1. Thanks for your comment. If you’re new to Aligned and Well/Restorative Exercise™, then read the post STANCE and ALL ABOUT YOUR KNEES to get a better idea of aligning from the ground up. We teach in our academic certification to begin with the feet, so you’re not aligning the pelvis and shoulder girdle to a crooked bottom — also, kinetic chains are affected most from the ground reaction force, so changing how your feet interact with the ground is key. Even if you have scoliosis, etc., if you work your way up, aligning your points objectively, you’ll find that your spinal curvature is really there because one shoulder is internally rotated and displaced anteriorly when compared to the other. The scoliotic curve is how you’ve RIGHTED yourself — meaning, instead of walking around with one warped shoulder, you wing on one side and make micro-adjustments to present psuedo-forward, even though there are all these tiny mal-alignments from the ground up. Hope that makes sense! You can learn more at — that’s our academic/practitioner site!

        1. Thank you! That makes perfect sense. I am new to your site and info and appreciate the guidance of when to begin. I will check out the link and posts you mentioned.

  5. Katy, I would look just like you in the initial photo–that’s exactly how my body is shaped too. 😉 Thanks so much for all your helpful posts!

  6. Katy, for the entire time I was dancing plus through all of the Pilates training I did the main correction I got was that my ribs were too forward….when I would lay on my back you could drive a smart car under my ribs! I tried so hard to correct that with little to no success until I started to practice your psoas class on a daily basis! Basically in a few short months I have done what I couldn’t do in about 30 years of trying!! I knew that my psoas was the problem but no other strategy I tried had worked.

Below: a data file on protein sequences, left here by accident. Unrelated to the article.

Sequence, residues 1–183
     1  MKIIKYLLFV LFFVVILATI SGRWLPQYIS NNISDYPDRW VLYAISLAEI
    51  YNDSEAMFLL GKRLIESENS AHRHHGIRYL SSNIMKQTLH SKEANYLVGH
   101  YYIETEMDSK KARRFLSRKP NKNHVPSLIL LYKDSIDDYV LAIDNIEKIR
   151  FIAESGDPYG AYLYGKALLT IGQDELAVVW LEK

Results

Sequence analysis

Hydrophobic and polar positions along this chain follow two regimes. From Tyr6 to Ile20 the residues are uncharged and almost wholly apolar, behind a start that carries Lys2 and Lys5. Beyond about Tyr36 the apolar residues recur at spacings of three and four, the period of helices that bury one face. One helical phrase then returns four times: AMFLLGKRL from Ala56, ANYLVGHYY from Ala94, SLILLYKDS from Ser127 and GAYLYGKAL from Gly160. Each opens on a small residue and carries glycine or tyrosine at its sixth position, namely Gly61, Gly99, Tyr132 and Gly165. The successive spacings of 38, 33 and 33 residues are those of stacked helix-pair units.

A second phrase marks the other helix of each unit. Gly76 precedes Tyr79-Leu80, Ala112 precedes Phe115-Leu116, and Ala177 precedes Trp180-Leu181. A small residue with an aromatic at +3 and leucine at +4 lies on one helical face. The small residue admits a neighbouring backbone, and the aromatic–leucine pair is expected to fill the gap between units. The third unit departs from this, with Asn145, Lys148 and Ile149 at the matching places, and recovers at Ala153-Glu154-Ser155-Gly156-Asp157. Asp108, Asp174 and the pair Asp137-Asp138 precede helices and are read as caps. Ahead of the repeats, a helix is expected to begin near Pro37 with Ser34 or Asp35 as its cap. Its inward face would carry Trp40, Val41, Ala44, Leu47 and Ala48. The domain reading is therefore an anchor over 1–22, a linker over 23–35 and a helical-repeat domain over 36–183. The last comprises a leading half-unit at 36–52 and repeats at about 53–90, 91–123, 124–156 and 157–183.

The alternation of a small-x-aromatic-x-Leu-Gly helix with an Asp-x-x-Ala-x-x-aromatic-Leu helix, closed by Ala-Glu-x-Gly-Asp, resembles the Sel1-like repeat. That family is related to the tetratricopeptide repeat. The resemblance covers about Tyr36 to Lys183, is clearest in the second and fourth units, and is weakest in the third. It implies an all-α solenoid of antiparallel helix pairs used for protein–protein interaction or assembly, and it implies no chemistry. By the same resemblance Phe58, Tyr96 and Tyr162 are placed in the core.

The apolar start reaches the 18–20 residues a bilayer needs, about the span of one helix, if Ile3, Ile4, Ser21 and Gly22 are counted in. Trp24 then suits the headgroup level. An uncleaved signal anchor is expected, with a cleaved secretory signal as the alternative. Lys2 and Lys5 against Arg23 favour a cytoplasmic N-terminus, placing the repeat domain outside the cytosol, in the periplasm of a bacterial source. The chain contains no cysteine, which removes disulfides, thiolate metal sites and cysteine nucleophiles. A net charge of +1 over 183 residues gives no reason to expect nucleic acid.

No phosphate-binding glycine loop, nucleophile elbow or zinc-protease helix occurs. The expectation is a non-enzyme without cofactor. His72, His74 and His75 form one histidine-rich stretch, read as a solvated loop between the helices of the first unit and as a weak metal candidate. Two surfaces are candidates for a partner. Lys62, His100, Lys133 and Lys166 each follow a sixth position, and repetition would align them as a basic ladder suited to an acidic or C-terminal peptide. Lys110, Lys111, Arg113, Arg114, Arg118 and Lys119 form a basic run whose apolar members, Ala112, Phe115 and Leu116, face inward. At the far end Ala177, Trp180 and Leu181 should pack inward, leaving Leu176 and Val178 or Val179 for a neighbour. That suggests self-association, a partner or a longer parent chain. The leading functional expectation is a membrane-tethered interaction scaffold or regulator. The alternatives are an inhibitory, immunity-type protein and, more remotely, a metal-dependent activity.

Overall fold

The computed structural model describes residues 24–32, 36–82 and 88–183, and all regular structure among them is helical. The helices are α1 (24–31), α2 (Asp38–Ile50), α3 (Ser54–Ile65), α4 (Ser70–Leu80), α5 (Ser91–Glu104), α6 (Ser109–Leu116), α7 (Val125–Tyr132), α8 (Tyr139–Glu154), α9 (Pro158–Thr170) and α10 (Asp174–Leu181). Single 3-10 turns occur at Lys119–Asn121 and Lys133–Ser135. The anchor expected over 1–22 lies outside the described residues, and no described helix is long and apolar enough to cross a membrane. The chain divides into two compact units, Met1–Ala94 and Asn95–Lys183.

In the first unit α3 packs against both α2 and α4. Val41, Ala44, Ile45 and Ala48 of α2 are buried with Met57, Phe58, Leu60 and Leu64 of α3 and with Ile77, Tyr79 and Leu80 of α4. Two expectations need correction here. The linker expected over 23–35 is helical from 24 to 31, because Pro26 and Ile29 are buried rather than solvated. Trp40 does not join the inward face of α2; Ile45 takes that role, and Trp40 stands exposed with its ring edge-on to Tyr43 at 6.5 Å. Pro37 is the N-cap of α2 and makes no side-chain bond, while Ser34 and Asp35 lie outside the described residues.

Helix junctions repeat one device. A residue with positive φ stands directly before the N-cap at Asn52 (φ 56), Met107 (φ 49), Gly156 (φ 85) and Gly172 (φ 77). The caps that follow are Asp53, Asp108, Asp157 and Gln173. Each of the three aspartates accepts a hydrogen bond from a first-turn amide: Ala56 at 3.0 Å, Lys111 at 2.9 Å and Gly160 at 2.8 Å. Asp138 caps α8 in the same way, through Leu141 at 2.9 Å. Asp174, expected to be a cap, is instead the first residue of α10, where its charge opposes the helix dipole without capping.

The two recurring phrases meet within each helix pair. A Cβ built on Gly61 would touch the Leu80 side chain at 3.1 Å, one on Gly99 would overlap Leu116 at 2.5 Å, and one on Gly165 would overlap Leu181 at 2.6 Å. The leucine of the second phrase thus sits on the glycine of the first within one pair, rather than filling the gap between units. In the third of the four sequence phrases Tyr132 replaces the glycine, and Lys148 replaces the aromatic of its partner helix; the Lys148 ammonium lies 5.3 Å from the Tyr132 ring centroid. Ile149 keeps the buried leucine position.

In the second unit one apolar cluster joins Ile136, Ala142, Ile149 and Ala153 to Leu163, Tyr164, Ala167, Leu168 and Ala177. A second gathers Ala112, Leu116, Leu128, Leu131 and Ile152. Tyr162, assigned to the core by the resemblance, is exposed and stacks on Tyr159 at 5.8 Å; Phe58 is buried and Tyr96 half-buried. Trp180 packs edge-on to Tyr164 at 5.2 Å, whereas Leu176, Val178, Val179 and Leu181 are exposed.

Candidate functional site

Thank you so much for the information….I am (almost) a reformed Rib Thruster!!

    1. Yay! Yes, most people learn the psoas (incorrectly) as a pelvic-tilter or as only a hip flexor. What it spends most of its time doing, however, is rib thrusting! Glad you’ve brought those ribs home!

  7. Uh, we need to ‘talk’ about this and demonstrate when you are in Columbus next month. I ‘think’ I get it, but

    going through it in real time will cement it in my mind.

    And yes, EVERYONE sits on their sacrum and tucks! I keep trying to ‘upright’ my yoga students ALL the time – get the pelvis stacked – I feel as though I’m wasting my breath. Sometimes, it seems their bones are frozen with the



  8. She does look like Mr Flay!!!!…hhhhmmm. Sounds like you’re having a boy Miss Katy. Thank you for the great lesson once again AND the hearty laughs I love so much on this blog. – Hugs

    1. I had a boy the first time! Sick for FIVE MONTHS. I’ll take another boy, though. Or a girl. I don’t care — or care to find out ahead of time. It’s a little bit of Christmas 🙂

  9. Katy,

    I read all your blog posts and am really trying to wrap my mind around alignment. “What a Waist” got rid of most of my belly “pooch” left over from two pregnancies and some diastasis recti. My question: now that I’ve stopped sucking it in and am preggo with a third baby, where do I start to avoid getting worse varicose veins (that started w/ my first pregnancy)? I’ve seen you mention them and am hoping that working on my alignment will help or at least halt them. I’m 34 and live by the beach, so this problem drives me crazy! Thanks!

    1. Varicose veins are created by legs that don’t FLOW, meaning leg muscles that are 1) tight, 2) ununsed or 3) tight and unused. You should be doing all of the leg stretches (especially the calf stretch on the dome OR all the exercises in the program), opening the psoas, hips, and hamstrings and then wearing minimal shoes — walking daily on that lovely beach of yours, etc!!!

  10. Pilates… pilate or not to pilate…that is the question? Does Pilates, Stott Pilates, jive with proper alignment? I took a sample class and the way my ribs were “positioned” and the way I was instructed to hold my pelvis concerned me….looking to you, Katy, for Wisdom! Love this post…this year I will start your comprehensive course!!